The two different materials, seen in FIG. 4, are not attached end to end or with a partial overlap or seam. Rather, in this invention the reinforcing edge strip is laminated or otherwise integrally attached onto a separator sheet 23a or 23b as seen in FIGS. 10 and 11 by conventional laminating or other techniques. This attachment results in a single piece of separator material which is of sufficient length and width to serve as both sheets 23a and 23b as well as closed end 12 so as to form an entire membrane or diaphragm separator structure 25 (see FIG. 17) for use in a diaphragm or membrane monopolar cell 42 (e.g. FIG. 18) and which has integral mechanically reinforced borders 22 for additional strength in the areas to be heat sealed. This method reduces the number and length of the seals necessary to construct the casing 10 by eliminating the need to attach separate reinforcing border strips 21 to the sheets 23a and 23b by heat sealing during casing fabrication and eliminating the need to seal individual sheets 23a and 23b (see FIG. 2) together before an entire casing can be formed.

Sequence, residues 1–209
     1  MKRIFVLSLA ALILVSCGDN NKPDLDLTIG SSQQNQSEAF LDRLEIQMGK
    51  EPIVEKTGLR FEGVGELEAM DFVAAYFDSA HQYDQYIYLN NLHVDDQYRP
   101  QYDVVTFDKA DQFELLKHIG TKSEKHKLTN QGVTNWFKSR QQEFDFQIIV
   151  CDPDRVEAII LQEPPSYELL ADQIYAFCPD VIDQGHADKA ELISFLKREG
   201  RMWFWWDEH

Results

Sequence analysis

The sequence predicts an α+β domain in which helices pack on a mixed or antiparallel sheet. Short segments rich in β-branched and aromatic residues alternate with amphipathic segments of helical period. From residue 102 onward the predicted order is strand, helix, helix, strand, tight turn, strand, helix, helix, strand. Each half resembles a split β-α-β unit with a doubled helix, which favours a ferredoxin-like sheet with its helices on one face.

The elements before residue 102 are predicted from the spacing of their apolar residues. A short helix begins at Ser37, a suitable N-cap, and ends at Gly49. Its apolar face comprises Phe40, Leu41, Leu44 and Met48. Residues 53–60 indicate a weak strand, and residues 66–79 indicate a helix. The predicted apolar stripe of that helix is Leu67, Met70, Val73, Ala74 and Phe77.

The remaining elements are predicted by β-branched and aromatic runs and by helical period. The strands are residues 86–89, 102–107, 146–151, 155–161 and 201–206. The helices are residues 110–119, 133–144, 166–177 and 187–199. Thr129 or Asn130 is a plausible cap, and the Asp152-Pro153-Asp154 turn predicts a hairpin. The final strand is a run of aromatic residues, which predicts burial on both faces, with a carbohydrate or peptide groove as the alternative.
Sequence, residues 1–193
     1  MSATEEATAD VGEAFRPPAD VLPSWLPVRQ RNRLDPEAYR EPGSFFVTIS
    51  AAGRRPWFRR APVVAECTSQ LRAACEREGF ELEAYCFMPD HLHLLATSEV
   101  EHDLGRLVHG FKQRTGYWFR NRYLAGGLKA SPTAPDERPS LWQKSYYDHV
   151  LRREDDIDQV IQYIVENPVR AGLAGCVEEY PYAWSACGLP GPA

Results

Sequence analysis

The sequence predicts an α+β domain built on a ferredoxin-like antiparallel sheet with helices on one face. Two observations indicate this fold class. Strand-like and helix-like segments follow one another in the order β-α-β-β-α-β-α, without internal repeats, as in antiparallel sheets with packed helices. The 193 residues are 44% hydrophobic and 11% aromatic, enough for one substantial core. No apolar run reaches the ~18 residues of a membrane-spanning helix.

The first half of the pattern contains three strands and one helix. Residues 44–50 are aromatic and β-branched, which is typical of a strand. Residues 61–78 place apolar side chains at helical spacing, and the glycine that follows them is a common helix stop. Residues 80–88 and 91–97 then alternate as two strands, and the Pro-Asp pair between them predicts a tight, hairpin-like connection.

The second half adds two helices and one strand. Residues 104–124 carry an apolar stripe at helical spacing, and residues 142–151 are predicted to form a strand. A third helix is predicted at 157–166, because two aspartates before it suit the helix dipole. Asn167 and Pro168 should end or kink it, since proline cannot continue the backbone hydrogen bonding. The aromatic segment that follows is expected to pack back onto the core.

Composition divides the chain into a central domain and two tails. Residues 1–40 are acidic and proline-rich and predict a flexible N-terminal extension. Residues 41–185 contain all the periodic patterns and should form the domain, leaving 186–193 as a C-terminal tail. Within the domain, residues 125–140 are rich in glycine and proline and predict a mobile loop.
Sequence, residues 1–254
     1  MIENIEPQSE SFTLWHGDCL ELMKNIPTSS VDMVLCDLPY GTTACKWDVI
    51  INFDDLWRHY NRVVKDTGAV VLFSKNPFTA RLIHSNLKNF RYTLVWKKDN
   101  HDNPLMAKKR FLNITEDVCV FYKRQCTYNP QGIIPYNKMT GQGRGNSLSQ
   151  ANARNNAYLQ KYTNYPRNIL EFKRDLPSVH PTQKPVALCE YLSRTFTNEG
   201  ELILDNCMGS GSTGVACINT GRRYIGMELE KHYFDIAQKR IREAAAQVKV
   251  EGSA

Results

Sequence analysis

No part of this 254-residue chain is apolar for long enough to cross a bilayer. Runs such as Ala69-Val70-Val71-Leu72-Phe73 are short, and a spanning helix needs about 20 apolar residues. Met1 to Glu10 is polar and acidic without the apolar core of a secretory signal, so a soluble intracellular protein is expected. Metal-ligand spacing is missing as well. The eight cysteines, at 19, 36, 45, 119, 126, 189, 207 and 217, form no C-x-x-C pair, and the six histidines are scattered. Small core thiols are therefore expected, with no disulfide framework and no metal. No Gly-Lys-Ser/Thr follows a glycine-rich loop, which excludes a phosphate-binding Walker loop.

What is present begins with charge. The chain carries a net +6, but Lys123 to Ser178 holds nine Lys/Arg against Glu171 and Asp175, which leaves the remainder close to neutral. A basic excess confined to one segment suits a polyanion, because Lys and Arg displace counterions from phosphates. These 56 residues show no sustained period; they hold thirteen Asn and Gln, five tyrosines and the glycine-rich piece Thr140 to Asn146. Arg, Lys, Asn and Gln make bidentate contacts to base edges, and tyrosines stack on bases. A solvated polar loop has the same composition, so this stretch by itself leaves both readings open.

In the event the separator material is of sufficient strength to resist the mechanical stresses on the sealed areas caused by casing fabrication and cell operation, the reinforced border could be eliminated, however the single length of material of sufficient length to form an entire casing would still be of great advantage in reducing the number of seals necessary for fabrication of a casing for a monopolar diaphragm or membrane type chlor-alkali cell, thus making the monopolar cell a more desirable cell design than if many additional seals had to be made.